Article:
After recovery from the anesthesia (≈30 min), baseline blood samples (2 ml) were drawn from each catheter and piglets were administered ≈25 ml/kg body weight of formula containing the 125I-rhIGF-I by orogastric gavage. Blood samples (2 ml) were drawn from each catheter 15 min postfeeding and then at 30-min intervals for 240 min. Blood volume was maintained by injecting 2 ml of heparinized saline into the catheter after each sampling. Plasma was obtained by centrifugation at 10,000 g for 15 min at 4°C. At the termination of the experiment, the piglets were killed and the intestines were separated from the stomach and cecum/colon and were removed. Each intestine was laid out in five turns so that it formed six segments of equal length as described by Zijlstra et al. (16). The intestine was then divided into 13 segments of approximately equal length corresponding to the duodenum (segments 1 and 2), the jejunum (segments 3-9), and the ileum (segments 10-13). Each intestinal segment was flushed with 2.5 ml of ice-cold saline and the segment and saline flush were retained for further analysis.
Plasma IGF-I concentrations at baseline (t0) were measured by radioimmunoassay (RIA) (5). To dissociate the IGF-I from IGFBP, plasma samples (0.5 ml) were separated over a 0.9 × 100-cm column containing Sephadex G-50 (fine) in 0.2 mol/L formic acid (Pharmacia) (5). Fractions containing the IGF-I peptide (46-71 ml) were collected into 50-ml tubes containing 0.25 ml of RIA buffer (0.03 mol/L sodium phosphate, 0.25% bovine serum albumin (BSA), 0.02% sodium azide, pH 7.5) and were frozen and lyophilized (Flexi-Dry, FTS Systems, Stone Ridge, NY, U.S.A.). IGF-I recovery from the column is >90% (5). The lyophilized IGF peptide fractions were resolubilized in RIA buffer and diluted 1:4. IGF-I content was measured using 125I-rhIGF-I as radioligand and a polyclonal anti-human IGF-I antibody (1:10,000 final dilution) distributed through the National Hormone and Pituitary Program. After an overnight incubation, bound radioactivity was precipitated by centrifugation at 3,000 g for 30 min after the addition of 250 μl of 1% bovine IgG (Sigma) and 1.0 ml of 20% polyethylene glycol (Sigma). Samples were run in a single assay with an intraassay coefficient of variation of 3%.
Sodium Dodecyl Sulfate-Polyacrylamide Gel Electrophoresis and Western Ligand Blot Analysis of Plasma GFBP
Molecular forms of plasma IGFBP were characterized by Western ligand blotting as previously described (5). Plasma samples (4 μl) were mixed with sample buffer (10% glycerol, 2% sodium dodecyl sulfate (SDS), and 0.625 mol/L Tris-HCl, pH 6.8) and proteins were separated through 4% stacking (0.1% SDS, 0.125 mol/L Tris-HCl, pH 6.8) and 12% running (0.1% SDS, 0.375 mol/L Tris/HCl, pH 8.8) polyacrylamide gels at 65 V, 4°C overnight (Hoefer Scientific Instruments, San Francisco, CA, U.S.A.). Proteins were transferred to nitrocellulose (0.45 μm, Micron Separations Inc., Westborough, MA, U.S.A.) at 200 mA for 1 h using a Buchler semidry blotting unit (Labconco Corp., Kansas City, MO, U.S.A.). Membranes were sequentially blocked with (Tris-buffered saline (TBS); 0.15 mol/L sodium chloride, 0.01 mol/L Tris HCl, pH = 7.5) containing 3% Tergitol NP-40 (Sigma). TBS containing 1% BSA (Sigma), and TBS containing 0.1% Tween (Sigma), and then were incubated overnight with 0.45 μCi of 125I-rhIGF-I. IGFBP were visualized by autoradiography (Eastman Kodak, Rochester, NY, U.S.A.) at -70°C for 4 days. Band density was quantified using the Foto/Analyst II Visionary System and Collage software (Fotodyne, New Berlin, WI, U.S.A.).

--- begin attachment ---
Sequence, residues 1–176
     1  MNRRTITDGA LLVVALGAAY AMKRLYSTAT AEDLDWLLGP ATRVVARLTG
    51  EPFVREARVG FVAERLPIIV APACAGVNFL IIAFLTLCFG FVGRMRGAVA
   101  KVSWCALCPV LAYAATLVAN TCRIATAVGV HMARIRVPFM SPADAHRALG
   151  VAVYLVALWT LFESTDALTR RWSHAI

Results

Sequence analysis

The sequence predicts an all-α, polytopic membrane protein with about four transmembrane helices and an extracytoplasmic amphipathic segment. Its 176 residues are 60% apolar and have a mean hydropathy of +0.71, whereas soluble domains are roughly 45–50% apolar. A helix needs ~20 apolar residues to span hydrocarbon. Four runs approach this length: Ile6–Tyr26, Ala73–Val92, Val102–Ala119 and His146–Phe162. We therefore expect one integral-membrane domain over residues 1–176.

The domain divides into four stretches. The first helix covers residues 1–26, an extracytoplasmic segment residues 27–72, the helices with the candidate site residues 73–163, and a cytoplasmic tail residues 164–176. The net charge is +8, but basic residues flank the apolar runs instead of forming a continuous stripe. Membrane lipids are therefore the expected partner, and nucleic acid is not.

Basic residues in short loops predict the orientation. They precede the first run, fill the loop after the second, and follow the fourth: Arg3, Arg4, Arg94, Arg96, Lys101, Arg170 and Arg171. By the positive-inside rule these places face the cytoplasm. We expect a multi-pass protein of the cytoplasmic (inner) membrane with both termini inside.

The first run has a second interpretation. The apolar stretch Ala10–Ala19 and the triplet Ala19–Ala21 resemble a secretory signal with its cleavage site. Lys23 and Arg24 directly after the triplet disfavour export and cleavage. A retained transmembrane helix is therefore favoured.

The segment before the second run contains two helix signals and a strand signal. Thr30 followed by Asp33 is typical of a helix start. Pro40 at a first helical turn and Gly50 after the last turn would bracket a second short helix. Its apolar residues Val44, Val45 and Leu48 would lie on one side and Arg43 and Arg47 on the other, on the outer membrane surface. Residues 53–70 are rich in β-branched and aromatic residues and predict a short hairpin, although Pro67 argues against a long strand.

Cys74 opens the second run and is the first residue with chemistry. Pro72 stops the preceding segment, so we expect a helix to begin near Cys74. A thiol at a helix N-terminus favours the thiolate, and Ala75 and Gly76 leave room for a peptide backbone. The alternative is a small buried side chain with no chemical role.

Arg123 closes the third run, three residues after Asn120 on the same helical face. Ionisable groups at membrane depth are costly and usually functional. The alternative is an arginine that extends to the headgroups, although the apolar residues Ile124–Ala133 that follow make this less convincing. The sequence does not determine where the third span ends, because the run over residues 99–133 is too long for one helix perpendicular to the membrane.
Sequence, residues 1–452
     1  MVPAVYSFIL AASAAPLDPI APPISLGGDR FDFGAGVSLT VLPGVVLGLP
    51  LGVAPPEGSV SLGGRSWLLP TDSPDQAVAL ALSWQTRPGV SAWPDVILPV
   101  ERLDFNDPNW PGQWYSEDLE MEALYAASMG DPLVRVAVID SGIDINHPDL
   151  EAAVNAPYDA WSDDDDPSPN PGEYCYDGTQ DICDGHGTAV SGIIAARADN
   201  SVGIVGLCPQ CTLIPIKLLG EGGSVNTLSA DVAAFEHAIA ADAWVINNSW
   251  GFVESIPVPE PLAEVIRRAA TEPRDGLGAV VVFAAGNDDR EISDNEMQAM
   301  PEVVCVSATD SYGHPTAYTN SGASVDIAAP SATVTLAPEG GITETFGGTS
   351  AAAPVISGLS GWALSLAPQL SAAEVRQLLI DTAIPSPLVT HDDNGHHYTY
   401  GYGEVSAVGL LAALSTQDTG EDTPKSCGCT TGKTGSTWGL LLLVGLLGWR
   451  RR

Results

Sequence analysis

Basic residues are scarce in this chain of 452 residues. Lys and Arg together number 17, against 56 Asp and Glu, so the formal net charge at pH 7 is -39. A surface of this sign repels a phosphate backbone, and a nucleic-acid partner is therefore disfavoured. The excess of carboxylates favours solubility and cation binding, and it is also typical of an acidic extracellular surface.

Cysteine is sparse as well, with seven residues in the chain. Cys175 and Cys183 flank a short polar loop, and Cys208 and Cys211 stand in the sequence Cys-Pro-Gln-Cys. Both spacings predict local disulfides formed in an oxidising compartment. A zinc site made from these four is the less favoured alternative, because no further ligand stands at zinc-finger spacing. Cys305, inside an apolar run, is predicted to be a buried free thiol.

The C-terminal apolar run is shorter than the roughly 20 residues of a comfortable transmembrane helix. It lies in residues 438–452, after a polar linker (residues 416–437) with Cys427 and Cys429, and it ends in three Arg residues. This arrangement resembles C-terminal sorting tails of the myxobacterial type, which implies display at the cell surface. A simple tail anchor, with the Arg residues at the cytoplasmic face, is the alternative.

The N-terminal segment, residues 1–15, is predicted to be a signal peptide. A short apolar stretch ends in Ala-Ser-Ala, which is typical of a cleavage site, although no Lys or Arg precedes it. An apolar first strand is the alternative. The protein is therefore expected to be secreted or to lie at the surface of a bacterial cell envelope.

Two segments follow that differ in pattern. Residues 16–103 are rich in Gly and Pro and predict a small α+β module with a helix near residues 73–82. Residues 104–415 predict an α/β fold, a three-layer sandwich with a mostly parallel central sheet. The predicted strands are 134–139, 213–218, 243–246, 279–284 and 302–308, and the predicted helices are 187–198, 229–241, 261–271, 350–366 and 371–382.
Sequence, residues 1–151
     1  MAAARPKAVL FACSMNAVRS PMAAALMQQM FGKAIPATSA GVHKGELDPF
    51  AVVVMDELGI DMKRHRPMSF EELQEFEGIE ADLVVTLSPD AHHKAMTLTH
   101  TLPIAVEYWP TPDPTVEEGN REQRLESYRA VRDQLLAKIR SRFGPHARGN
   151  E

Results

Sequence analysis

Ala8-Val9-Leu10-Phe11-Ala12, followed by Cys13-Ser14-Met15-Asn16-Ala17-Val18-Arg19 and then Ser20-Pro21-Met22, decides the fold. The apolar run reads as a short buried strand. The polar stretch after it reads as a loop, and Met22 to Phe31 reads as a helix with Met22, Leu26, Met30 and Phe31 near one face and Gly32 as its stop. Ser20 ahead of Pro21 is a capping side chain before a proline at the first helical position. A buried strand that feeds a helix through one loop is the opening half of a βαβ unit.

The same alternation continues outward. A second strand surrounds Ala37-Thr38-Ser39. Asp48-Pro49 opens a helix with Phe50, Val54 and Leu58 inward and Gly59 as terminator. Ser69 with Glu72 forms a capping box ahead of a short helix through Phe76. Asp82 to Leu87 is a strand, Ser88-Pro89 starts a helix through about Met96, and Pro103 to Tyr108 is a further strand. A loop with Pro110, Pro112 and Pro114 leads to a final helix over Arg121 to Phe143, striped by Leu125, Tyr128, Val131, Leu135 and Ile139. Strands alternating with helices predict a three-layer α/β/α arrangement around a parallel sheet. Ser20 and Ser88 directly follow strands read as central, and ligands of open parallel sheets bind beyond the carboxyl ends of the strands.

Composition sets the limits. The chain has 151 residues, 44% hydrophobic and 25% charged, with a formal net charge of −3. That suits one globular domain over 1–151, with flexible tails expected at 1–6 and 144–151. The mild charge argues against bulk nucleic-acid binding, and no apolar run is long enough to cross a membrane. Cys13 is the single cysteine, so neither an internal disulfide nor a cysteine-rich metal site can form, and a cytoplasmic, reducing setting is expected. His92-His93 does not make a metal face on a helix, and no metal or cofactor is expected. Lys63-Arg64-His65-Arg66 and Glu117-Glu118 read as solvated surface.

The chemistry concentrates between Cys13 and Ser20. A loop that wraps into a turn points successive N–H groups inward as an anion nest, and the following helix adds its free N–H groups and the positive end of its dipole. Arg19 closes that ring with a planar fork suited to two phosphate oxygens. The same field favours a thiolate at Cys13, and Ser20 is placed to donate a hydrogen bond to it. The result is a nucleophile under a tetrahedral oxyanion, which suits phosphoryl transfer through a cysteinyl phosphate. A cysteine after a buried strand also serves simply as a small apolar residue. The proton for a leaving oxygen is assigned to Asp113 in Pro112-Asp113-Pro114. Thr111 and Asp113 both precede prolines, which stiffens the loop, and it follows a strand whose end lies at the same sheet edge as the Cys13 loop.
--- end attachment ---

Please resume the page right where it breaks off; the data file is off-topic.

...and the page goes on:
Total Acid-Precipitable, and Immunoreactive Counts in Plasma
The total radioactivity was determined in 0.5 ml of plasma by gamma counting (Cobra Gamma Counter, Packard Instruments, Downers Grove, IL, U.S.A.). To determine the proportion of acid-precipitable radioactivity, an equal volume (0.5 ml) of 25% trichloroacetic acid (TCA) was added to the sample plasma samples. After a 15-min incubation on ice, tubes were centrifuged at 10,000 g for 15 min, the supernatant was removed, and the amount of radioactivity in the pellet was measured. To determined the proportion of radioactivity that was immunoreactive 125I-rhIGF-I, 0.5 ml of plasma was subjected to acid chromatography to dissociate the IGF-I from the IGFBP as already described. Samples were lyophilized and resuspended in RIA buffer. Duplicate 50- and 100-μl aliquots were incubated overnight at 4°C with the hIGF-I antibody used in our IGF-I RIA at a 1:1,000 final dilution. Bound radioactivity was precipitated and radioactivity in the pellet was determined as already described. Immunoprecipitated radioactivity was interpreted as intact IGF-I. However, because we did not verify the size of the peptide that was immunoreactive, it is possible that some fragments of IGF-I were also detected. To achieve as complete an immunoprecipitation of intact 125I-rhIGF-I as possible given that ≈1.5-2.0 nmol/L of native IGF-I would be present in the serum samples, we conducted a pilot study in which porcine serum samples were spiked with a known amount of 125I-rhIGF-I and were incubated with increasing amounts of antibody. A final dilution of 1:1,000 in the assay buffer was adequate to overcome any competition by native IGF-I.